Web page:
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One Nation Under Judgment

The nation is in an uproar over the decision of a panel of San Francisco-based federal judges to remove the words "under God" from the Pledge of Allegiance.

  • Scott Lively
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The nation is in an uproar over the decision of a panel of San Francisco-based federal judges to remove the words "under God" from the Pledge of Allegiance. Sadly, despite popular opinion, the judge is technically legally accurate because of some seriously wrongheaded Supreme Court precedents. By far the worst of those precedents is Everson v. Board of Education of Ewing Township (1947), the first ruling by the Court to equate atheism to belief in God, designating both as "religions" towards which government must be neutral. This ruling did more than give power to anti-religionists, it injected a slow-working poison into American jurisprudence that has been killing us ever since.

The problem, simply stated, is that religious neutrality is a myth. All worldviews or philosophies are rooted in some original premise or presupposition about the nature, cause, and purpose of the universe, which are unavoidably religious ideas. Belief in God and belief in no God are religious ideas, but more than that they are fundamental and contradictory logical presuppositions. There are, of course, other religious presuppositions in the world, but in our nation the contest is between belief in God and atheism.

Until Everson, the government's philosophical premise was that of our Founding Fathers. They worshiped the God of the Bible, an indisputable fact of history noted in many Supreme Court cases, even after Everson. The 1952 case of Zorach v. Clauson specifically stated (in language that was unfortunately mere "dicta" and not an overruling of Everson), "We are a religious people whose institutions presuppose a Supreme Being." United States v. Macintosh in 1931 was even more direct: "We are a Christian people according to one another the equal right of religious freedom, and acknowledging with reverence the duty of obedience to the will of God." Revealing the consistency of the Court through the years, an 1848 opinion, Vidal v. Girard's Executors, stated "Christianity [is] a part of the common law of the state...its divine origin and truth are admitted."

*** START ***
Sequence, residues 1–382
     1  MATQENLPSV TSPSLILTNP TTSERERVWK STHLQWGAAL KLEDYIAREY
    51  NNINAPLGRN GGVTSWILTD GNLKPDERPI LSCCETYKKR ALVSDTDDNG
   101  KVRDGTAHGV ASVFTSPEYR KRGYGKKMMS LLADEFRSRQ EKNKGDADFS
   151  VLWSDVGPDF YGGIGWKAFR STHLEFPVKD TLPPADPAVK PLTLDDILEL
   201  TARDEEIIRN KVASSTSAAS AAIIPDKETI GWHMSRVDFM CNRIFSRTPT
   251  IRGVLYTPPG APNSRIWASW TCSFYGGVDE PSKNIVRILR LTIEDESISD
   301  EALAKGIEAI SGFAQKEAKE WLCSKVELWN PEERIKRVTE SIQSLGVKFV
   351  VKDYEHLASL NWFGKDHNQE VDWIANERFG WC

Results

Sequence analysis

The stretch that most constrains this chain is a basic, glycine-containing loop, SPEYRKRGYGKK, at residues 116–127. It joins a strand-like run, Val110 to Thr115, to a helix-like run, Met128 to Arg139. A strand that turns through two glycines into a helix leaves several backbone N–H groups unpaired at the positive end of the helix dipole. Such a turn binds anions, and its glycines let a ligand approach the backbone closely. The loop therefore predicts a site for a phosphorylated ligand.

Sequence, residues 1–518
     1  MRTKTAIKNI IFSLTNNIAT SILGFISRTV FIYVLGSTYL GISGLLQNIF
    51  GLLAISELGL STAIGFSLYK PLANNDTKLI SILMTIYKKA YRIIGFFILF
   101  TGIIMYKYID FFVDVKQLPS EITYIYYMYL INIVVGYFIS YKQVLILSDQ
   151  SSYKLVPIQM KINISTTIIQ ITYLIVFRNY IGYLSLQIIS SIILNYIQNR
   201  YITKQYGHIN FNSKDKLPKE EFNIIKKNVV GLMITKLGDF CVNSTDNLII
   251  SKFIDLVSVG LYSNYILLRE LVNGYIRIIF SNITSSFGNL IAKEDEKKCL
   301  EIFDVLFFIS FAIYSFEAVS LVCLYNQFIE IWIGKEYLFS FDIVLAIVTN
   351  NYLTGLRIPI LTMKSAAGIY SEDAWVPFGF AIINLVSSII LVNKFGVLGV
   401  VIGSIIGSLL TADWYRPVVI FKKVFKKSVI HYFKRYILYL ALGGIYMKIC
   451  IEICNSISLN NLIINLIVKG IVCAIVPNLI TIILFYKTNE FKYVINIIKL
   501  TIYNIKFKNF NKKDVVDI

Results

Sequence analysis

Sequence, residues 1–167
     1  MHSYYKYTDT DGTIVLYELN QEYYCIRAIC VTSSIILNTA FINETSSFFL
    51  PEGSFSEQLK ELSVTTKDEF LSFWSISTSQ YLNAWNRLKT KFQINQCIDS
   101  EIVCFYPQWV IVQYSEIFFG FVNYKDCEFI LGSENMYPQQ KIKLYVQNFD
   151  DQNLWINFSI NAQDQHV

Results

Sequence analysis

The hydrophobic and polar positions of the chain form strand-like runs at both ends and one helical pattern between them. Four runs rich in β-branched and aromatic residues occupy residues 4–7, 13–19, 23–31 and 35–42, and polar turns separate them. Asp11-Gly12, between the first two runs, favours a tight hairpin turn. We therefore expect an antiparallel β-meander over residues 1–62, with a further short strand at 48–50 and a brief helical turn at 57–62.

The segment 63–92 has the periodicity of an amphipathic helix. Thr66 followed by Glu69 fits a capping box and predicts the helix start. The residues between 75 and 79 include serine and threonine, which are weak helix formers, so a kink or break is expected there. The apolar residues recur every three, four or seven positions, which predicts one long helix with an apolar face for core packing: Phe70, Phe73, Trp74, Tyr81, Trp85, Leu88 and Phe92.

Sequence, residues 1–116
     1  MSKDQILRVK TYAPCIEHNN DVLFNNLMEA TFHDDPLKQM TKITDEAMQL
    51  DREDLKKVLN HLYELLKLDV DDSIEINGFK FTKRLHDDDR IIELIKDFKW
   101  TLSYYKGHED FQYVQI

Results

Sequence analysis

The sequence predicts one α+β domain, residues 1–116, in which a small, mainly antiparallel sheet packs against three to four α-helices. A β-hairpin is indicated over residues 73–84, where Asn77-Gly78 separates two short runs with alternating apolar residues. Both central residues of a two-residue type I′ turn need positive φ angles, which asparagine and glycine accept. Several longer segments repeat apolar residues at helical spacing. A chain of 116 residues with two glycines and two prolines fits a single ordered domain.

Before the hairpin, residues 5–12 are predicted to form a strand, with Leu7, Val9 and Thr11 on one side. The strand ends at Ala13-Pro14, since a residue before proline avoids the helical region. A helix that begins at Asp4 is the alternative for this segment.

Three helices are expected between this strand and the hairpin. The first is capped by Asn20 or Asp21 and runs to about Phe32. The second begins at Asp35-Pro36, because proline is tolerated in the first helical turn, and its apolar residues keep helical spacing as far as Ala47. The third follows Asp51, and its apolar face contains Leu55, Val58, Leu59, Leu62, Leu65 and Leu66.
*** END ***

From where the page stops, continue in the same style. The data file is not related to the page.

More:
After Everson, atheism usurped belief in God as the guiding philosophy of government. By the nature of the contest between these contradictory premises, the government's choice is powerfully skewed in favor of atheism. Belief in God is inevitably associated with rules and standards that must be expressed to be followed. Any adoption of such rules and standards by government makes it an easy target for attack for violating its duty of neutrality. (The same would be true of polytheism or any other competing religious presupposition.) Atheism, on the other hand, is defined in the negative and the abstract (i.e., "There is no God") and is thus the passive opponent that always wins by default whenever belief in God is challenged.

This is of course the ultimate checkmate move in the Marxist dialectic (thesis, antithesis, synthesis). Marxists teach their children the dialectic with a little dance of two steps forward and one step back (net gain one step). The "Marxists" in this country subverted the thesis that God is real by asserting the antithesis that God is not real with the goal of forcing the compromise (synthesis) that God "might be real." However, "agnosticism" is not a third premise separate from atheism and belief in God, but is simply a state of indecision about the two. Government decision-making must go on, rooted in some ultimate logical premise, thus atheism wins.

The Monotheists haven't given up, of course. We still see decisions protecting "religious" expression in government, such as the right to post the Ten Commandments in government buildings, but only when such expressions are defined as cultural traditions and not actual acknowledgment of the existence of God. Meanwhile history records the decline of the first truly Christian nation on the face of the earth in court decisions such as Roe v. Wade, cultural trends such as the overt promotion of homosexuality to public school children, and rampant behavior-based diseases and disorders.

Greater harm is yet to come. When moral relativism replaces objective moral truth as the guide to government, there remains no "higher law" above all the people. Instead, the arbitrary will of the most powerful becomes the law, and ambitious strongmen war amongst themselves to determine whose will shall prevail. The end of such struggles is ever the same: another dictatorship or oligarchy, lasting only so long as the "little" people are willing to endure tyranny.

Belief in God and objective moral truth does not in and of itself guarantee an orderly and just society, but it is a necessary prerequisite to one. America can escape the judgment that will otherwise surely fall by restoring Almighty God to His rightful place as the foundation of our laws and the guide to our personal and corporate behavior. The role of believers in this process is to remember (and act accordingly) that any compromise of truth with error produces error.

I thank the San Francisco judges for making the problem easier to explain.


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